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Hort, Fenton John Anthony

HORT, FENTON JOHN ANTHONY (1828-1892), English theologian, was born in Dublin on the 23rd of April 1828, the great-grandson of Josiah Hort, archbishop of Tuam in the 18th century. In 1846 he passed from Rugby to Trinity College, Cambridge, where he was the contemporary of E. W. Benson, B. F. Westcott and J. B. Lightfoot. The four men became lifelong friends and fellow-workers. In 1850 Hort took his degree, being third in the classical tripos, and in 1852 he became fellow of his college. In 1854, in conjunction with J. E. B. Mayor and Lightfoot, he established the Journal of Classical and Sacred, Philology, and plunged eagerly into theological and patristic study. He had been brought up in the strictest principles of the Evangelical school,. but at Rugby he fell under the influence of Arnold and Tait, and his acquaintance with Maurice and Kingsley finally gave his opinions a direction towards Liberalism. In 1857 he married, and accepted the college living of St Ippolyts, near Hitchin, in Hertfordshire, where he remained for fifteen years. During his residence there he took some part in the discussions on university reform, continued his studies, and wrote essays for various periodicals. In 1870 he was appointed a member of the committee for revising the translation of the New Testament, and in 1871 he delivered the Hulsean lectures before the university. Their title was The Way, the Truth, and the Life, but they were not prepared for publication until many years after their delivery. In 1872 he accepted a fellowship and lectureship at Emmanuel College; in 1878 he was made Hulsean professor of divinity, and in 1887 Lady Margaret reader in divinity. In the meantime he had published, with his friend Westcott, an edition of the text of the New Testament. The Revision Committee had very largely accepted this text, even before its publication, as a basis for their translation of the New Testament. The work on its appearance created an immense sensation among scholars, and was vehemently attacked in many quarters, but on the whole it was received as being much the nearest approximation yet made to the original text of the New Testament (see BIBLE: New Testament, " Textual Criticism "). The introduction was the work of Hort, and its depth and fulness convinced all who read it that they were under the guidance of a master. Hort died on the 30th of November 1892, worn out by intense mental labour. Next to his Greek Testament his best-known work is The Christian Ecclesia (1897). Other publications are: Judaistic Christianity (1894); Village Sermons (two series); Cambridge and other Sermons; Prolegomena to ... Romans and Ephesians (1895); The Anle-Nicene Fathers (1895); and two Dissertations, on the reading /iovc^ecifc 06s in John i. 18, and on The Constantinopolitan and other Eastern Creeds in the Fourth Century. All are models of exact scholarship and skilful use of materials.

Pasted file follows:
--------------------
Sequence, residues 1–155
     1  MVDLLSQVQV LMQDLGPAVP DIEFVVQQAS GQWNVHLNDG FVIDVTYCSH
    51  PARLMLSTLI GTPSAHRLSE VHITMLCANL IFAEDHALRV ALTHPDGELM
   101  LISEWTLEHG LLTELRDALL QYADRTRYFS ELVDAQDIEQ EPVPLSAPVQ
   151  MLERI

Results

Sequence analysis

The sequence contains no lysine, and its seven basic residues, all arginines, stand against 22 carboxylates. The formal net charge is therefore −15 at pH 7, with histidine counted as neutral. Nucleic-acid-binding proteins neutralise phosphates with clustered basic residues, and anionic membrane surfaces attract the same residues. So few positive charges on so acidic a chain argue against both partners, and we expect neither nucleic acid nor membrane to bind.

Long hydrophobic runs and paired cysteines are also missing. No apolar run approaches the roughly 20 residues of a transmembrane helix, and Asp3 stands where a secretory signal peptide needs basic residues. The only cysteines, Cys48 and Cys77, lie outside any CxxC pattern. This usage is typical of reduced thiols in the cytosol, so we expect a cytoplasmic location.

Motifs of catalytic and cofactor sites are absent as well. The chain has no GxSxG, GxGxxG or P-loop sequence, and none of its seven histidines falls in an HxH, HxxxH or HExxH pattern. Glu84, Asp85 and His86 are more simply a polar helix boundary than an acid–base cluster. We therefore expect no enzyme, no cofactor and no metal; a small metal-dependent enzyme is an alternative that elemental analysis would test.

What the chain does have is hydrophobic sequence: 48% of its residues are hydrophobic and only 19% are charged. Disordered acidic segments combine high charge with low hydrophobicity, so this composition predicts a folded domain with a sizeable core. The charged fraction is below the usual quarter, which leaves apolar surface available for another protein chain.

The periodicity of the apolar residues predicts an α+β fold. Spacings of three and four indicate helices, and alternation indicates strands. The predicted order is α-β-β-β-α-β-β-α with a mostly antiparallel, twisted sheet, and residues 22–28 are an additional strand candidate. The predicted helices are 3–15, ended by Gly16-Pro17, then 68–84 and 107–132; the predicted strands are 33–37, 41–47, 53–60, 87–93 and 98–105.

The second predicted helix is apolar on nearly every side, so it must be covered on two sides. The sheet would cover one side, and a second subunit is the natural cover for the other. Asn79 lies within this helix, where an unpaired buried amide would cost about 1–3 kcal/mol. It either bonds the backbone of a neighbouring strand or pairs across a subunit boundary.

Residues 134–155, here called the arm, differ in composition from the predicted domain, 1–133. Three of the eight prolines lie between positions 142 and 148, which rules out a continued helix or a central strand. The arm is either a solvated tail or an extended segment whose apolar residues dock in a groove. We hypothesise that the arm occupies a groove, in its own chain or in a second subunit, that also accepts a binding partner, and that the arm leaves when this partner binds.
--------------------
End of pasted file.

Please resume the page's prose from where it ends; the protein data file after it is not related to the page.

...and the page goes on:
His Life and Letters was edited by his son, Sir Arthur Hort, Bart. (1896).

Note - this article incorporates content from Encyclopaedia Britannica, Eleventh Edition, (1910-1911)

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